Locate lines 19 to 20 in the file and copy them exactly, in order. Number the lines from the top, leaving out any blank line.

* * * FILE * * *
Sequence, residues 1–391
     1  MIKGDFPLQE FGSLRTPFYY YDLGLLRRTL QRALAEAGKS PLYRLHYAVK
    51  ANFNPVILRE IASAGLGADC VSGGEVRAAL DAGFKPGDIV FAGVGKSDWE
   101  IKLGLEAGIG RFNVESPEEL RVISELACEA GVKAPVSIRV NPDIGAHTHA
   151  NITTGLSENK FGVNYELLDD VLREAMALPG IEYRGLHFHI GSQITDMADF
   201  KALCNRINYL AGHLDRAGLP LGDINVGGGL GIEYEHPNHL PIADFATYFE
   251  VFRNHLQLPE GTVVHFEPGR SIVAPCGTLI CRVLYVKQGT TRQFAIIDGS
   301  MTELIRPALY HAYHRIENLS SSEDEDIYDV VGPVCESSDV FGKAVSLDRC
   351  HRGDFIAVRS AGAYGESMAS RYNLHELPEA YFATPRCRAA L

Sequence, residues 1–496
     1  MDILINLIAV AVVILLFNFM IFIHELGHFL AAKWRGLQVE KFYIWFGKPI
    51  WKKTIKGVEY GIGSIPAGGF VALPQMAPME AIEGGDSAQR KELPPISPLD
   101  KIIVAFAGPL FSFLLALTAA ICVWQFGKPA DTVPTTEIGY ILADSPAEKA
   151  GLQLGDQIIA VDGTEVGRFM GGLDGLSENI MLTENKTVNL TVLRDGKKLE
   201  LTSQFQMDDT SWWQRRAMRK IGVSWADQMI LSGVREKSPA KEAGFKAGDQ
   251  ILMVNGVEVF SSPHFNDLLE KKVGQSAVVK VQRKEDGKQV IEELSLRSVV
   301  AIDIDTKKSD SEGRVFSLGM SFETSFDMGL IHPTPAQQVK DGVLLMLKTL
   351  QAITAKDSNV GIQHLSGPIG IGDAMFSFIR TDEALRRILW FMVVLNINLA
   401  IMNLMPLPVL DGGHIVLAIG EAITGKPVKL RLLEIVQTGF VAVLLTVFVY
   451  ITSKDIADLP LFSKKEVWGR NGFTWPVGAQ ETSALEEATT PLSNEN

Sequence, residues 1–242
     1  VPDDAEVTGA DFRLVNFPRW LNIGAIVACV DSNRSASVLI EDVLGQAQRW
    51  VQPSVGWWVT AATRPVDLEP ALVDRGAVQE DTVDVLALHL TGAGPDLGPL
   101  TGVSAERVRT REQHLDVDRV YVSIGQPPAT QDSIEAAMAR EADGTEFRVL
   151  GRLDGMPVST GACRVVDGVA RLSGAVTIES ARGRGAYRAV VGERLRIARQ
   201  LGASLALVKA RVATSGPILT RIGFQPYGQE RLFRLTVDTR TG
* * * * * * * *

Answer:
   401  IMNLMPLPVL DGGHIVLAIG EAITGKPVKL RLLEIVQTGF VAVLLTVFVY
   451  ITSKDIADLP LFSKKEVWGR NGFTWPVGAQ ETSALEEATT PLSNEN